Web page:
The U.S. Department of Justice has a website where you can find your state’s median income. Enter the appropriate time period on this page (the most recent if you are filing a new application). Next, click on the link for Median Family Income Based on State/Territory and Family Size; it’s in section I. On the next page find your state and then use the number for your appropriate family size.
If your income is lower than your state’s median, then you may qualify. If it’s greater, then you must fill out the next form.
Means Test Calculation: Form 122A-2
This focuses on your disposable income based on your calculations in the previous form. If your income is higher than your state’s median you must fill this out. This is the actual means test, and it determines how much money you have for paying off debts. On this form you need to:
- Fill in your case information – This is the same as in 122A-1.
- Determine adjusted income – copy your current monthly income from before and follow the instructions.
- Calculate deductions from your income – Provide detailed information about your debts and expenses.
It asks for many different types of information, and it gets very complicated. Credit Karma has an excellent page that explains in detail the information you should provide. Read each question carefully and make sure you enter the information accurately. If you get confused about what it’s asking for then you may need to find a bankruptcy lawyer.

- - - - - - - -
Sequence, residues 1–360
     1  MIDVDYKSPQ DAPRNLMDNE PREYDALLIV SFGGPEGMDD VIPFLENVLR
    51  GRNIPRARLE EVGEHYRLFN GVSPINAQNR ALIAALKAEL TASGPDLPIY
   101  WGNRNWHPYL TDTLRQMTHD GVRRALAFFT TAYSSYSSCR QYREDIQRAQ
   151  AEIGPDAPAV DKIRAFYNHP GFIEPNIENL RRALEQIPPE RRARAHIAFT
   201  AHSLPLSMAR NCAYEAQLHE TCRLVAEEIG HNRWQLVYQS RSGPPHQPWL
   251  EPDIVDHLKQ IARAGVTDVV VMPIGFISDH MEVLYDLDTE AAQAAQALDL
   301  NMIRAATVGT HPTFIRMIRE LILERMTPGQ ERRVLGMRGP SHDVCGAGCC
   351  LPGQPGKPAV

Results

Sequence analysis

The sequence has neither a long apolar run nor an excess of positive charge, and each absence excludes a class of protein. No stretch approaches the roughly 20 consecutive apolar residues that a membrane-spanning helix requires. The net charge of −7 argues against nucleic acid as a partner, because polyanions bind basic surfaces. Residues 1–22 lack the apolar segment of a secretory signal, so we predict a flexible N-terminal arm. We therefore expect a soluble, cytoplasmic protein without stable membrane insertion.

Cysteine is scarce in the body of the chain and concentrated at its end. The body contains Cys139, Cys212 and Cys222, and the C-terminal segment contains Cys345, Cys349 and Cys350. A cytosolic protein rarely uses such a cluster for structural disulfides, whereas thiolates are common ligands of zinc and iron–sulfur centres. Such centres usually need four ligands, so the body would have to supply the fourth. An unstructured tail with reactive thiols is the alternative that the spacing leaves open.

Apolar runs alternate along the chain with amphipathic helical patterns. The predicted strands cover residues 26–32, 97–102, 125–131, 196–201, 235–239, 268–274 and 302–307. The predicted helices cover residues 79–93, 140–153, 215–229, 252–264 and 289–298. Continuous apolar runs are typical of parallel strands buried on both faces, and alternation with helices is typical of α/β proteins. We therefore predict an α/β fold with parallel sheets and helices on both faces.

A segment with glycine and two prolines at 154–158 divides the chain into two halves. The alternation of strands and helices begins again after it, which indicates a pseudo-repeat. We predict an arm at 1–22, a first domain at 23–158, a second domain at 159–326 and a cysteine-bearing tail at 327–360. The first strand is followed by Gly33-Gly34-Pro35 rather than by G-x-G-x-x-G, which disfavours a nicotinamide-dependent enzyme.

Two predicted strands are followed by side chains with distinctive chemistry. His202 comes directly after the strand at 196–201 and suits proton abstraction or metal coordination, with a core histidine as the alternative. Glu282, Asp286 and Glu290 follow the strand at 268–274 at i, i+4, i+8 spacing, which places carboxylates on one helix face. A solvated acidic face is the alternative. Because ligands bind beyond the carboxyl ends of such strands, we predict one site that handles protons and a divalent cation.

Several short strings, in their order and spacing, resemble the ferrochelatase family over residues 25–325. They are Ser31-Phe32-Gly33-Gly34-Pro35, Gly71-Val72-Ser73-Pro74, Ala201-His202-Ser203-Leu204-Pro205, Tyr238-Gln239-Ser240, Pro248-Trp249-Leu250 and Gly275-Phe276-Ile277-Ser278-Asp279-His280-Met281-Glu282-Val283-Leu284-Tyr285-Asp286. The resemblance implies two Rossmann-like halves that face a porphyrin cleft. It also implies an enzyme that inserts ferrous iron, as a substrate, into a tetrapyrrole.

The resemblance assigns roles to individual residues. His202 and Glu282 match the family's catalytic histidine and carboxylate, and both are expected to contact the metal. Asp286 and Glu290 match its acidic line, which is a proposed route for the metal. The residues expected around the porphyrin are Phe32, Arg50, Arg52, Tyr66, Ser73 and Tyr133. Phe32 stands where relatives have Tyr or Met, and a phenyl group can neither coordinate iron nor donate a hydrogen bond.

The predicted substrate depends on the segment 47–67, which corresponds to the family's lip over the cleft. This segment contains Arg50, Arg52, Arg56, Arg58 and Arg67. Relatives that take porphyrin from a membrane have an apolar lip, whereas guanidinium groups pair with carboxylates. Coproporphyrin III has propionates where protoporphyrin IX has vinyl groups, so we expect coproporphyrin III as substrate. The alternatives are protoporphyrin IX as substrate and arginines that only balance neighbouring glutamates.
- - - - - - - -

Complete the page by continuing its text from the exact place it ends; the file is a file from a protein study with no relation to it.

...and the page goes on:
Is It Bad to File Chapter 7?
How much debt for Chapter 7? While filing indicates personal financial problems, it is not always bad. People find themselves facing this for many different reasons. Job loss, accidents, and serious medical emergencies are all common events that cause bankruptcy. In these situations, you should seek relief. On the other hand, some can afford to pay off their debt with some belt-tightening, but they make a bad choice. Also, some people seek to defraud their creditors.
Your situation is unique, and you need to think hard about whether you can change your habits and pay your debts, or you really can’t. You should only file if you cannot pay your bills with your current income because it’s a very hard process. In addition, it damages your credit for years to come.3